The abduction of a university student sets off a dark chain of events in Veste’s U.S. debut.
Student Jemma Barnes is kidnapped when she takes a taxi home after a night of clubbing. While her estranged boyfriend, Rob (and apparently, nobody else), panics over Jemma’s disappearance, other dead bodies begin showing up around Liverpool—accompanied by long, florid, and rather pretentious letters referring to shady CIA experiments decades earlier. The case improbably goes to Detective David Murphy, who is still damaged from the recent murder of his parents and his own marital problems. (His partner, Laura Rossi, is never fleshed out as a character.) The killer’s identity is revealed early in the book, and Murphy and Rossi manage to overlook the obvious culprit while pegging nearly everybody else as a suspect. That’s not the only logistical howler in the plot: at one point Jemma overpowers her captor and escapes; instead of running straight to the police she turns around to attempt another rescue and gets herself captured again. Rob also makes a fateful misstep that most people with good sense would have avoided. Veste peppers the chapters with some weighty quotes about death and grieving, but it’s hard to take a thriller too seriously when the cops are clueless and the killer is a bit of a bore. The obligatory Silence of the Lambs–style torture scenes don’t help, nor does a crucial plot twist in which a main character gets a highly unlikely lucky break.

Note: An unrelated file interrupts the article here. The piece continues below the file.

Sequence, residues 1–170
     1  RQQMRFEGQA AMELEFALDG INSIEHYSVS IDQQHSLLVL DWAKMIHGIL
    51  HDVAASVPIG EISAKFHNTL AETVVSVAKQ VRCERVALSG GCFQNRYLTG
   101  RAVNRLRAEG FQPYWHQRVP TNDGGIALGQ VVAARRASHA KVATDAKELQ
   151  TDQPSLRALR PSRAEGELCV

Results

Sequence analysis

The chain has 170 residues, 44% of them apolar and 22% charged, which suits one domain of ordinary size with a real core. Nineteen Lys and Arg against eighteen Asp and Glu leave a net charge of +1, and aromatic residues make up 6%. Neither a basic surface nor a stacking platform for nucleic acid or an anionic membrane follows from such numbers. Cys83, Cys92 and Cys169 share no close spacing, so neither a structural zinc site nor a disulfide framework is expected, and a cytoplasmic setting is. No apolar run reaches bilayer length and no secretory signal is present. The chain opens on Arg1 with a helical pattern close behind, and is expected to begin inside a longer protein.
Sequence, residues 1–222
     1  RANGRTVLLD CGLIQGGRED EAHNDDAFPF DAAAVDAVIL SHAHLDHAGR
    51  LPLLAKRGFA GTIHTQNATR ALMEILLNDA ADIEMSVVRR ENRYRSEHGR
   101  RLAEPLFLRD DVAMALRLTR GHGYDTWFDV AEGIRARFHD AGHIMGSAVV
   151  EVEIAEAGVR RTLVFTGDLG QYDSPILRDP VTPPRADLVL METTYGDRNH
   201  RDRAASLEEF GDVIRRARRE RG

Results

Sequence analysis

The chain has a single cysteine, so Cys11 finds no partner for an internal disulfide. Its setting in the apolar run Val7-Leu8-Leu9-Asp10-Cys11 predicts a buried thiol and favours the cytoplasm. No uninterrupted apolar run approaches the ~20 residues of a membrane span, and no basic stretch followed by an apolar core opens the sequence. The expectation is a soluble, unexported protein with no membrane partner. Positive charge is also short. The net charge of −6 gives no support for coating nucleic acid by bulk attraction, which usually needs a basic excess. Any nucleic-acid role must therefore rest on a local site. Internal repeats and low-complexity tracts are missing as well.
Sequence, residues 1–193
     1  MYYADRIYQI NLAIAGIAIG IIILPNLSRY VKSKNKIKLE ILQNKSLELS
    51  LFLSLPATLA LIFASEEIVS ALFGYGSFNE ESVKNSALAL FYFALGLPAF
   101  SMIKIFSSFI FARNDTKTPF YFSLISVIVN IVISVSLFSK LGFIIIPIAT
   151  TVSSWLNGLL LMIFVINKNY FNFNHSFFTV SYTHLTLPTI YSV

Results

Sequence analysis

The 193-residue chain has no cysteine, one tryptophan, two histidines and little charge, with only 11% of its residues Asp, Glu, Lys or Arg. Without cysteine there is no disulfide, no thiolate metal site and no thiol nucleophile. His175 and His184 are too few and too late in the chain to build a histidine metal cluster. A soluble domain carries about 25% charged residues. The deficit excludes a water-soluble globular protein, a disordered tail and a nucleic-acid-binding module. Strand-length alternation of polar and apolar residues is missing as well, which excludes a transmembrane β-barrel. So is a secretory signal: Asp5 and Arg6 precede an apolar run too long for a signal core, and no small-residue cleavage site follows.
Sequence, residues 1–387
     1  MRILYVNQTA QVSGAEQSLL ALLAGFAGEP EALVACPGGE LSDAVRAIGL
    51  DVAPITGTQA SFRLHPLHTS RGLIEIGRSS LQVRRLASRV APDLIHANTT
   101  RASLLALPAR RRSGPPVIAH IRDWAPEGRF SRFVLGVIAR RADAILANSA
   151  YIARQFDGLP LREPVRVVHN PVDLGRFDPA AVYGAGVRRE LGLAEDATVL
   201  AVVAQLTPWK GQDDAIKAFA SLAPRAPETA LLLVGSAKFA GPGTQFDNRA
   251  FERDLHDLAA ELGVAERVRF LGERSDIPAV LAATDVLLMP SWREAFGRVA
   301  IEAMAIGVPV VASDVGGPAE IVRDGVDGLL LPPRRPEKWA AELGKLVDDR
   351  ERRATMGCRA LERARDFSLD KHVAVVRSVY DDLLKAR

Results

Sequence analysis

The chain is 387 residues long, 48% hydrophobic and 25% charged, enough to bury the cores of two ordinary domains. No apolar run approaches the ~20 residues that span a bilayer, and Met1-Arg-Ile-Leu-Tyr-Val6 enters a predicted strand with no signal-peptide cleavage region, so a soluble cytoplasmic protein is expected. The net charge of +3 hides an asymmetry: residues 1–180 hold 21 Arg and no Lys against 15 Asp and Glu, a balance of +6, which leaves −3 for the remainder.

A thriller whose ambitions aren’t matched by its dead-silly plot twists.